And while Le Pen has tried to lead opposition to Macron’s new measures, she finds herself in a delicate position. After spending a decade trying to “demonize” his party, the battle over the new demands puts the National Rally on the same side as radical vaccine opponents whose views barely match the mainstream electorate. There are also internal tensions. Members of the base of the National Rally took part in street rallies, accused the government of imposing a “dictatorship” and even compared to Jews in Nazi-occupied Europe during WWII. Le Pen, who does not deny the usefulness of vaccines, took a more nuanced position. She went so far as to denounce an “attack on freedoms and equality” without mentioning the word “dictatorship”, and refrained from urging people to demonstrate.
Amid the disappointing results of the recent regional elections, “some in the lower echelons of the National Rally believe the party has turned too much to the center,” Camus said. “But Marine Le Pen cannot ‘re-demonize’ him, she cannot suddenly undo what she has patiently built since 2011.”
This leaves the leaders of small far-right movements, such as Nicolas Dupont-Aignan and Florian Philippot, to overwhelm the National Rally through the right-wing spearheading the reaction against compulsory vaccinations. Freer to flatter more explicitly anti-vaccine voters, they have been busy organizing rallies for several weeks, taking advantage of the issue to gain more visibility and seduce Le Pen’s most intransigent supporters.
The latest demonstrations are reminiscent of the often violent weekly rallies of “yellow vests” against taxes and economic inequalities that rocked the Macron presidency a few years ago. At the height of this crisis, between late 2018 and early 2019, Macron saw his approval ratings reservoir to just 25 percent, before rising to around 40 percent today.
The yellow vests themselves, who despite the decrease in numbers have hardly ever stopped demonstrating in recent years, have added the latest demands to the list of their grievances, some of which echo the traditional battles of the left. At a rally in Paris this weekend, Najeh, 43, who asked to be identified by his first name only, said the health pass was just another of “government oppressive measures” and that the yellow vests would continue to fight for the withdrawal of the law as well as for “more social and fiscal equality”.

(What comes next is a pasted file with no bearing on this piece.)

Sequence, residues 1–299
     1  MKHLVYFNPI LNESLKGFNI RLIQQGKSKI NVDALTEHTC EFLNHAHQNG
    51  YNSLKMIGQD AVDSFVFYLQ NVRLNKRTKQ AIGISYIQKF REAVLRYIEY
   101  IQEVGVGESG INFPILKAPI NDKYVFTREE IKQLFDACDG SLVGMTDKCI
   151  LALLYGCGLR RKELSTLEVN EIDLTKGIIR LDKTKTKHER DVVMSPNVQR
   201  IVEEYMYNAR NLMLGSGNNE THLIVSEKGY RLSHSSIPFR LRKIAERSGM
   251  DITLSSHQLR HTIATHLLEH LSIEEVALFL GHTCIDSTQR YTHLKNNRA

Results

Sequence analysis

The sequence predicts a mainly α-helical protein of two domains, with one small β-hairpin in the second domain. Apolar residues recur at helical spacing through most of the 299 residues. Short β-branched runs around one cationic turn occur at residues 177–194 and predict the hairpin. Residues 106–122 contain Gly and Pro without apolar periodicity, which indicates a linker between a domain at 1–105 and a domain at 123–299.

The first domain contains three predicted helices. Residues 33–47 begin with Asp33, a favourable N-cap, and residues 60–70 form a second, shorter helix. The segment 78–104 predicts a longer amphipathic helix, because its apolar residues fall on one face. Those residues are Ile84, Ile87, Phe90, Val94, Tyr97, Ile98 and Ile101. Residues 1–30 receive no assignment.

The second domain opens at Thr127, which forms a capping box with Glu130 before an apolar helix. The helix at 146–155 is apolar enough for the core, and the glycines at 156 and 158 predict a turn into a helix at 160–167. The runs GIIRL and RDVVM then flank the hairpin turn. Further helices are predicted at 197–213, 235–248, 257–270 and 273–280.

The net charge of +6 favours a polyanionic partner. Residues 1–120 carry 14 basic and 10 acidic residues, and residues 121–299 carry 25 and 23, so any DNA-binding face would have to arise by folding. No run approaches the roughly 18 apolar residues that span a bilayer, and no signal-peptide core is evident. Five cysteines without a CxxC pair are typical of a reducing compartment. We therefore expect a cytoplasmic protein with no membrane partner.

The biggest political danger for Macron is that opposition to mandatory vaccinations will spark a new wave of social unrest as next year’s elections approach, Camus said. Last week, a police report warned that Macron’s movement against COVID-19 policies could become more radical and violent as protests drag on, as do early yellow vest protests, with street clashes reverting to a regular occurrence. While we are still far from the levels of mobilization reached at its peak by the yellow vests movement, protests against the new rules are intensifying. The first weekend after the president’s speech, more than 110,000 people took to the streets across the country, officials said; a week later, their number had risen to 160,000.
Their ranks range from radical anti-vaccine activists and suspicious medical professionals to restaurant industry workers who doubt the feasibility of the health card program, as well as right-wing and left-wing extremists who reject the imposition of the vaccine from above. , rather than the vaccine itself.
“We are not against vaccination, but we want it to be a free choice. It is unacceptable to prevent someone from entering a restaurant just because they haven’t been loaded, ”said Virginie, a middle-aged woman attending a rally called by the right-wing politician. Florian Philippot in the Trocadéro district in Paris last Saturday, who asked to be identified only by his first name. “Macron will pay a political price for what he does. “